What is Liquidity?

Liquidity is a representation of how quickly an asset or security can be converted into cash, i.e. liquidated or sold. Liquidity is a key component when trading in the financial markets; liquid securities can be sold more quickly than less liquid securities. Typically, the more liquid assets trade at a premium since they can be sold easily without any negative impact on their price, while illiquid assets trade at a discount since they may be difficult to sell and this can put pressure on the price.

The term liquidity is also used in accounting and refers to how easily a company can meet its short-term financial obligations.

Key Learning Points

  • Liquidity is a financial metric that is used to determine how quickly an asset can be converted into cash without a negative impact on its fair price.
  • Cash is considered to be the most liquid asset of all, while real assets (for example property) and private companies are typically the least liquid.
  • Liquidity in accounting refers to a company’s ability to pay debts as they come due using only liquid assets. It can also be used to judge an entity’s solvency.
  • Depending on the objective of the analysis, liquidity can be determined by financial ratios or by applying scenario analysis.

How Does Liquidity Work?

It is extremely important for both potential and existing investors, as well as business owners, to understand the liquidity of a stock or other asset. Usually, securities like equities and bonds offer a high level of liquidity, while tangible assets such as property take more time to convert into cash and may not necessarily sell for a price that represents fair value. A lack of liquidity causes liquidity risk. As a rule of thumb, the higher the demand for an asset, the greater its liquidity as it will be quicker to find a buyer (or seller) for that particular asset.

Types of Liquidity

Market Liquidity

Market liquidity defines the market conditions in which an asset can be purchased or sold. A market that can match a high number of buyers and sellers is considered to be liquid. In such a market, it would be relatively easy to dispose of an asset at its fair price. An illiquid market supports fewer buyers and sellers, making it much more difficult to liquidate an asset at the seller’s desired price. During periods of market stress, financial markets become more illiquid as sellers outnumber buyers.

Market liquidity can also be applied to other segments of the economy such as the real estate market or the high-end art market.

Liquidity in Stocks

A stock’s liquidity refers to how easily the shares of a publicly traded company can be sold. Typically, companies with larger market capitalizations, also called “blue-chip” stocks, are more liquid than shares in smaller companies. While supply and demand are key factors, aspects like risk (smaller cap stocks are considered riskier) and company specifics like earnings results could drive market activity. Investment managers watch the liquidity in their portfolios closely and regularly apply scenario analysis to determine how long it would take to liquidate a position. This exercise considers the average daily market volumes over a specific period (for example 90 days) and the level of market activity. The same can be applied to other assets such as bonds.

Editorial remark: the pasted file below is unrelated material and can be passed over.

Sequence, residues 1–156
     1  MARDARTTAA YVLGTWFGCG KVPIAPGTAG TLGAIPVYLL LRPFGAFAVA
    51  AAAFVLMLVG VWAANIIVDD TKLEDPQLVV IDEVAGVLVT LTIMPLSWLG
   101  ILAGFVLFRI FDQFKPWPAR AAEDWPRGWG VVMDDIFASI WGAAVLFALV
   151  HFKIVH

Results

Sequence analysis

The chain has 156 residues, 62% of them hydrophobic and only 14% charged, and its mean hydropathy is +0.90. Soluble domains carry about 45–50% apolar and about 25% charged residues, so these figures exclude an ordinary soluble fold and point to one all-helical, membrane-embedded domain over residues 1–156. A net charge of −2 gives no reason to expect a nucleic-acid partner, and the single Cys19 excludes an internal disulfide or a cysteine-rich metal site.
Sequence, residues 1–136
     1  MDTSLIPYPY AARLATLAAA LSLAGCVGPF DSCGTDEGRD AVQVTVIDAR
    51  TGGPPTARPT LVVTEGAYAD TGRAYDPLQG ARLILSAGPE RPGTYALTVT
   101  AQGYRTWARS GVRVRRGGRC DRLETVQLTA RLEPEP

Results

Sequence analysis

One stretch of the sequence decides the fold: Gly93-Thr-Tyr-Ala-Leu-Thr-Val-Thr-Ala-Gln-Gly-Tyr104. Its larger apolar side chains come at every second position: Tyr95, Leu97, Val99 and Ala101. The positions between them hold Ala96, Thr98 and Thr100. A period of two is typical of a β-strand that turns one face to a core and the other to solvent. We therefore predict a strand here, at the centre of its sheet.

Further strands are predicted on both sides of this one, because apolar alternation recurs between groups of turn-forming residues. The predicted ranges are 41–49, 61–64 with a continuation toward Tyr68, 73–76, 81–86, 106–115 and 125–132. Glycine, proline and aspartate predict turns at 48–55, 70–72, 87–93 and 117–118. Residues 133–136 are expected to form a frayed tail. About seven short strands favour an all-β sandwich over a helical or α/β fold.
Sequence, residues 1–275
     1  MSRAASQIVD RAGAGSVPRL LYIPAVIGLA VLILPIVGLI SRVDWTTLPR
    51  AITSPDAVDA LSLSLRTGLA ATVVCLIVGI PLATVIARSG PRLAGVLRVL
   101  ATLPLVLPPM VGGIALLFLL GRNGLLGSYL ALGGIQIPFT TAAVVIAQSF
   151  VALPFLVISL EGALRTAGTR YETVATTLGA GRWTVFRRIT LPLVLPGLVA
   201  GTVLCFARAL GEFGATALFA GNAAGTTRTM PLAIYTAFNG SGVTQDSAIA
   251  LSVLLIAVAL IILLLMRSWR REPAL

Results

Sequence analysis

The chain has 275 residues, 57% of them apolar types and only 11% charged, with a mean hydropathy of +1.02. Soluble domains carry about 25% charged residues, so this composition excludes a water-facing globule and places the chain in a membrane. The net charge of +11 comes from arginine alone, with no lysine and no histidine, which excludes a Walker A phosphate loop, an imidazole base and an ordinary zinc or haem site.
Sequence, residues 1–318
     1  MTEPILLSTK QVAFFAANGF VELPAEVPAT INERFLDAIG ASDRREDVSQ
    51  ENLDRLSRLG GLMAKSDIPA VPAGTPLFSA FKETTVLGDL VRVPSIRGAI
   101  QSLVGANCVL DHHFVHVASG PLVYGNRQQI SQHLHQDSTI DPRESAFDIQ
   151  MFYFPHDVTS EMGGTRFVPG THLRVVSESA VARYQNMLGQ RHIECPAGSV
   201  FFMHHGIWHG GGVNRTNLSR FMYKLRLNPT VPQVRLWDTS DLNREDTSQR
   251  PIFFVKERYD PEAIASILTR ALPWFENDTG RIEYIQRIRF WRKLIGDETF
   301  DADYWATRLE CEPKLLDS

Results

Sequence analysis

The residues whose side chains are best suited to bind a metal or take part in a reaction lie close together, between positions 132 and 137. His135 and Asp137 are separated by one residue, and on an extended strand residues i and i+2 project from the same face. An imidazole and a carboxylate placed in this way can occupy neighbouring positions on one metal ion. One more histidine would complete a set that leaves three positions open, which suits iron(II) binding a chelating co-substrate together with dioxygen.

How Liquid are Stocks?

Cash is considered to be the most liquid of all asset classes. Other major asset classes can be ranked from most to least liquid as follows:

  1. Foreign Currency
  2. Fixed Income
  3. Public Equities
  4. Real Estate
  5. Private Companies

Liquidity in Accounting

Accounting liquidity describes a company’s solvency. It compares the company’s assets to its liabilities. Should the total assets exceed the liabilities, financial obligations can be met and the company will have working capital remaining. When analyzing a company, investors look at cash, investments, inventory, and accounts receivable to determine the liquidity position. Liquidity can be a good indicator of a company’s overall financial health.

How to Calculate Liquidity?

There are various techniques that can be used to assess liquidity, but financial ratios are the most widely used.

Current Ratio

This is the most basic liquidity calculation. It measures total current assets, such as cash and assets that can be easily converted into cash (for example over a one-year period), against total current liabilities.

Current Ratio = Current Assets / Current Liabilities

Quick Ratio

Also known as the “Acid Test”, this ratio is more stringent and takes into account liquid assets such as cash and cash equivalents, marketable securities, and accounts receivable against current liabilities. It also excludes inventories and other current assets, which are more difficult to sell.

Current Assets – Inventory / Current Liabilities

Cash Ratio

As the name suggests, the cash ratio is more rigorous and takes into account only the company’s cash and cash equivalents, while excluding accounts receivables, inventories, and other current assets. Essentially, the cash ratio measures the company’s ability to stay solvent in the case of an emergency.

Cash Ratio Formula

Cash Ratio = Cash and Cash Equivalents / Current Liabilities

Deep dive into liquidity ratios with our new Accounting Ratios playlist as part of our online investment banking course.

Liquidity Example (Balance Sheet)

Usually, the information necessary to determine liquidity can be found on a company’s balance sheet. Assets are listed in order of liquidity. Since cash is the most liquid asset, it is typically listed at the top of the balance sheet. Also listed are the company’s liabilities.

The free download shows an example of a liquidity balance sheet.